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Highway 10 projects

While the Highway 10 realignment project is underway, there are still decisions to be made along the way.

A group of Minnesota Department of Transportation representatives met with Detroit Lakes City Council representatives Monday afternoon to discuss a traffic light at Airport Road and Highway 10 and a frontage road along Highway 10, west of the city.

Project Manger Tom Swenson said because of increasing development along Highway 10, including Wal-Mart and Menards, the city should consider putting in signal lights at Airport Road.

Mn/DOT has agreed to pay for half of the signal, although it isn't required to. Traffic Engineer Janelle Fowlds said the city is responsible for 100 percent of the signal.

Detroit Township has been approached about sharing the cost, and has declined because of cost and funding.

It has been proposed that Mn/DOT pay $120,000 for the east/west portion of the traffic light, the city pay $60,000 for the south portion and the township $60,000 for the north portion.

Transportation Engineer Lee Berget said the city should take initiative to contact Wal-Mart and Menards because in the past, both businesses have contributed to the cost of signals in the areas of their big-box stores.

He suggested the lights be up before Menards opens, which is scheduled for early spring 2007.

"We haven't budgeted for this, so we have zero for it," City Administrator Rich Grabow said. "It's not realistic this year."

He said he's not a public safety engineer, but wonders if there is a need for a traffic light there.

"If you go out there once in a while, you don't need to be an engineer," alderman Leonard Heltemes said of the traffic problems and accidents at the Airport Road intersection.

"It's a hazardous situation that needs to be taken care of," Berget agreed.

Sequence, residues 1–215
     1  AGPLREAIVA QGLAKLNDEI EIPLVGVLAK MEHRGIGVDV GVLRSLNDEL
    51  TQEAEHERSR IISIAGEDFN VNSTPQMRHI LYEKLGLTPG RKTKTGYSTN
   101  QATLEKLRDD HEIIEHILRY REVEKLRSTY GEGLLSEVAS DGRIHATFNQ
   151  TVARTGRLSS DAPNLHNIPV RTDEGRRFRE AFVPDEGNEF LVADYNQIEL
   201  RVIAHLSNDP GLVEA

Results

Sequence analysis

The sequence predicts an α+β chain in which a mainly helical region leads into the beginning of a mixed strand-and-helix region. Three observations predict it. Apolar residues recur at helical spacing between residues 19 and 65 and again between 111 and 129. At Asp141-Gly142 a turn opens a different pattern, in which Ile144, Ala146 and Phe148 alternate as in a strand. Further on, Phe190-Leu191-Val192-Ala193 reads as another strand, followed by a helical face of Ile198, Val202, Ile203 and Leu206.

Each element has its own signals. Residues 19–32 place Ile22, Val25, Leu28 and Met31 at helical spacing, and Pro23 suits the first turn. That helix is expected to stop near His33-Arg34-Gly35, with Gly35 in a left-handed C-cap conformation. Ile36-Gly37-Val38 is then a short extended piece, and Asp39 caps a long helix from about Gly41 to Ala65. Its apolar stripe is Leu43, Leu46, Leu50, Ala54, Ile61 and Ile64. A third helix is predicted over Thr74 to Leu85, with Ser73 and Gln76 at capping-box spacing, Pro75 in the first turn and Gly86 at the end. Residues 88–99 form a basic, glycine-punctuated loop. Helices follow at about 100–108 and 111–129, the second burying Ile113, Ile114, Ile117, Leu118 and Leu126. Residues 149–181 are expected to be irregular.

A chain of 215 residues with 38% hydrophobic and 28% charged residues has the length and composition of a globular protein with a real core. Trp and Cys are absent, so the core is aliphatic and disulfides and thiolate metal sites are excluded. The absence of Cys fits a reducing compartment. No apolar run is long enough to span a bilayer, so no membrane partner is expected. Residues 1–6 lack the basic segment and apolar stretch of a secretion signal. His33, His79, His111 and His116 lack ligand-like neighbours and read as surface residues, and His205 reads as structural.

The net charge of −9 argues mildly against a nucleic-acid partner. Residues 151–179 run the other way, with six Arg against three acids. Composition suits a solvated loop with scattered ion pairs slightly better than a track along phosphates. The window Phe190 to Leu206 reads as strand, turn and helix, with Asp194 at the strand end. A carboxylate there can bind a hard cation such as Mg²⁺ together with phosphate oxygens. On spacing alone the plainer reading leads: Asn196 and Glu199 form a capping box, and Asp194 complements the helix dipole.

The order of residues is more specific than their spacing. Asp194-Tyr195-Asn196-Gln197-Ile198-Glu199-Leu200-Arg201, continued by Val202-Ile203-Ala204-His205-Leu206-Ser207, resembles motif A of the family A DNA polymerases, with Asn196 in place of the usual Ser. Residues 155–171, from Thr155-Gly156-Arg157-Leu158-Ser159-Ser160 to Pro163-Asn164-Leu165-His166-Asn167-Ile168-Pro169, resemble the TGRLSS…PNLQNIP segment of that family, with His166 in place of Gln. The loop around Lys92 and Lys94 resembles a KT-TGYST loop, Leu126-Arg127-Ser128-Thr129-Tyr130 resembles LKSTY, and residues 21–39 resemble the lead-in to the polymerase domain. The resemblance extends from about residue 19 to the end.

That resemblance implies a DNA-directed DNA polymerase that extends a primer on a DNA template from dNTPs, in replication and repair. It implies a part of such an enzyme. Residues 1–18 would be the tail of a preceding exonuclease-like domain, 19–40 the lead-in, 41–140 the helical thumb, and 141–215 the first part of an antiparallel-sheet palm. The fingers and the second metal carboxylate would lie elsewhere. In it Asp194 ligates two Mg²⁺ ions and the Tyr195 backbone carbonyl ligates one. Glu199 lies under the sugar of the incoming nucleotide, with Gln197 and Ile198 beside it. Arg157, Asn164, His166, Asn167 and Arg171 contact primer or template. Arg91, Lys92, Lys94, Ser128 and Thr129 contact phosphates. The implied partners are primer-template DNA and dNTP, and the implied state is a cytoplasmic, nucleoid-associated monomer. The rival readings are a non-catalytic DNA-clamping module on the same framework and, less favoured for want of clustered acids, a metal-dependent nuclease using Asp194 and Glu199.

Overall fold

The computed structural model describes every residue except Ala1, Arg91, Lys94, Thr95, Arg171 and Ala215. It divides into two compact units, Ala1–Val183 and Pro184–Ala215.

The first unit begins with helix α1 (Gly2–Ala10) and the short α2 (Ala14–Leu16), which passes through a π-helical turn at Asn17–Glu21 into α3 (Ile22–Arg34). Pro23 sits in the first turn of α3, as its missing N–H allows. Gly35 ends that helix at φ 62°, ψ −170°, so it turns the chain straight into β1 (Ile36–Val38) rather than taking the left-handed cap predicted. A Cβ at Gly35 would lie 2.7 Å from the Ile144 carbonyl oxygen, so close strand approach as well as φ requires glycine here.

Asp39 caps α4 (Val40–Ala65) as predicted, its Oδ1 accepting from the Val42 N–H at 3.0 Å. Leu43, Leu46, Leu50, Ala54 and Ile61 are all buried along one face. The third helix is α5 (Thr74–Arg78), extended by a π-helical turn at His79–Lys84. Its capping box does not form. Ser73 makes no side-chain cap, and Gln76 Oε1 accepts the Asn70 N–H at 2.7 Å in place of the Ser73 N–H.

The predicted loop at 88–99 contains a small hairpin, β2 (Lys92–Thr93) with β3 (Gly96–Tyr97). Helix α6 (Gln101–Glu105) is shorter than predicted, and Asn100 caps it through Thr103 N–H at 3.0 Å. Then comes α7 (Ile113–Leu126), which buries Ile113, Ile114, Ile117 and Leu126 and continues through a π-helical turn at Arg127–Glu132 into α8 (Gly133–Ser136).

A frontage road along the Highway 10 area was also discussed. Although most agreed on the need for one, they didn't agreed on who should fund it.

The existing frontage road is Mn/DOT's responsibility, but if a new one is put in, past the former Grover's property, the city will be partly responsible for it.

City Engineer Gary Nansen said Airport Road was closed as of Monday, and will be closed on and off for a couple months. He said it will give people a taste of what's to come if the airport expands and Airport Road is closed permanently.

In a few weeks, construction south of Long Lake will begin as well, messing with the traffic even more.

Limiting the access points from Highway 59 to Airport Road, a frontage road would let people travel that instead of getting on and off Highway 10 constantly.

Mayor Larry Buboltz said it would be similar to Brainerd's frontage road along Highway 371.

Although most city representatives liked the idea of the frontage road, Alderman Bruce Imholte said it likely wouldn't happen in the near future since funds are not available.

Berget said costs will only go up. For example, a project between Hawley and Glyndon was estimated at $5 million. It ended up costing $10.3 million because the cost of oil rose and bituminous doubled.

A settled Highway 10 realignment issue is that of the Kentucky Fried Chicken property at Roosevelt Avenue and Highway 10. Tuesday evening, the council voted in favor of an amendment to the land acquisition agreement.

It says the state will pay the city an amount not to exceed $1.1 million for the property. The contract formerly stated $1 million.

As an update on the current Highway 10 construction, Swenson said, "overall, it's a project that will take a few years. There will be speed ups and slow downs."

Everything is going well though and according to schedule.

He added that the closing of Roosevelt Avenue about a month ago will give drivers an idea of what to expect next summer, when the crossing will be closed for a much longer period of time.